- Vision inspires the hearts and minds of employees that choose go on this journey with you.
FACT: A vision is nothing more than words. Only the leader can bring life, meaning, and purpose to those words.
Here’s a great example of a leader bringing his vision to life:
In 1983, Apple was on the brink of bankruptcy. Steve Jobs aggressively pursued John Sculley to become Apple’s CEO. (Sculley was vice president of PepsiCo from 1977 to 1983.)... Read More
January 31, 2021 | By Neil Ducoff | 3 Comments
For owners, staying positive in these uncertain times is something you need to keep working at.
Of course, you’re weary of dealing with this pandemic. It’s been a tough ten months and COVID-19 is going to be with us a while longer.
When you’re dealing with cancellations, no shows, reduced capacity, client fears, employee quarantines, and tight cash flow, staying positive is a challenge.
As an owner, your ability to stay positive cannot be underestimated or ignored. Why? Because the owner’s positivity establishes the company’s sense of urgency and performance expectations. So much so that the culture and performance of a salon/spa business is a direct reflection of the owner’s level of positivity.... Read More
October 4, 2020 | By Neil Ducoff | 2 Comments
They used to be called “receptionists.”
Smile. Be pleasant. Answer the phone. Book appointments. Check clients in and out. What could be easier?
FACT: If you want to experience the most demanding position at a salon/spa — work the front desk for eight hours on a busy day.
Today’s front desk/guest services employees are an integral part of driving salon/spa growth, productivity, client retention, retail sales, and just about all essential critical numbers.
In celebration of these hard-working individuals, we give you the top ten characteristics of an awesome front desk/guest services employee:
- Servant’s heart with a commander’s brain: A service-intensive business like a salon/spa is a balancing act between customer service and business efficiency. The servant’s heart is the ability to make clients feel cared for. The commander’s brain is to ensure efficient client flow between service providers and maintain client scheduling on the appointment book with a focus on driving productivity.
- Ability to anticipate needs: All salons/spas want to deliver extraordinary customer service experiences. But going through the motions of checking in, checking out, answering the phone and booking appointments is far from extraordinary. In order for extraordinary customer service experiences to consistently occur, front desk/guest services employees must have the ability to anticipate client needs. For example, they should be able to “read” a client’s stress level with reassurance and extra personal attention. Anticipating needs unlocks the door to extraordinary customer service experiences.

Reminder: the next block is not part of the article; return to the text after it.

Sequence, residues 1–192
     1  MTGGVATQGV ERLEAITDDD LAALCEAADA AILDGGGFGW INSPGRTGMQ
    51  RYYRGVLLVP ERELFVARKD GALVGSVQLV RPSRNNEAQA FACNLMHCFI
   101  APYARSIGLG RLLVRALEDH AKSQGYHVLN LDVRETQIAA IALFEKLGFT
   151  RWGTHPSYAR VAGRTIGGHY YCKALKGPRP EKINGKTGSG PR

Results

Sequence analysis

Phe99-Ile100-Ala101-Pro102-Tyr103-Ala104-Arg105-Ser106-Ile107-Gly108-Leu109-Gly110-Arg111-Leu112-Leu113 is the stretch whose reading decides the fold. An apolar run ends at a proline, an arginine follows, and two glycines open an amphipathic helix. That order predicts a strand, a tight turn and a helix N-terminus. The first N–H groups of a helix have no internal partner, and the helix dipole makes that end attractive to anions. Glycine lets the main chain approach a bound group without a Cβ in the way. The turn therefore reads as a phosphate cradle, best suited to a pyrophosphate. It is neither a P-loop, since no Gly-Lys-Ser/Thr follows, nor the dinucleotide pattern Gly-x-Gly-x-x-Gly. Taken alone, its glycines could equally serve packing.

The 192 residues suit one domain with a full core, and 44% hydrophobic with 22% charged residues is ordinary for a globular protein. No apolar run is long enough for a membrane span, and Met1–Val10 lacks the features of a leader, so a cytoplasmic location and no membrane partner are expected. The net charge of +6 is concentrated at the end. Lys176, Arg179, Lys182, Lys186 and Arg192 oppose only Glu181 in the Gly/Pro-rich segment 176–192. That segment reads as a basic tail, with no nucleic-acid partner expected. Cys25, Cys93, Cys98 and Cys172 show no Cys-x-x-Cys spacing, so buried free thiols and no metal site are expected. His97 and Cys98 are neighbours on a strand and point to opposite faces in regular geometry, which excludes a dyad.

- Attention to detail: How many Mrs. Smith’s are in your database and they’re all the same “Mrs. Smith”? How many appointments are made with an incorrect phone number or no phone number at all? How many appointments are scheduled incorrectly? How many missed prebooks and retail sales occur during the course of the day? It doesn’t take much to disrupt the flow of business, upset a client, miss simple opportunities, or stress out a service provider. Botched data, indifferent “it’s good enough” thinking, or incorrect appointments can quickly sabotage your business. The best salons/spas make attention to detail a non-negotiable.
- Task and systems oriented: Everything … repeat everything … at the front desk is task and systems driven. Even if you replaced your front desk with a technology solution like iPads or tablets, locking into tasks and systems is even more important. Operations Manuals and documented procedures, and the training to support them, are essential. For this very reason, individuals that are task and systems oriented are a must. Anything less is a compromise.
- Multitasks wisely: There are people that pride themselves at being multitaskers that appear busy as heck but get little done. An awesome front desk/guest services employee excels at establishing priorities, often in the moment. This means that the most essential task at the time is being addressed — most often to avoid a potential problem or upset client.
- Cool under pressure: The phone is ringing. Clients are waiting to check in while other clients are waiting to checkout. You’re on the phone with a client that wants to book multiple hair and spa services. Service providers are running behind and waiting clients are getting upset. If this scenario sounds like a nightmare to a candidate, it’s a bad fit and he/she won’t last long in the position.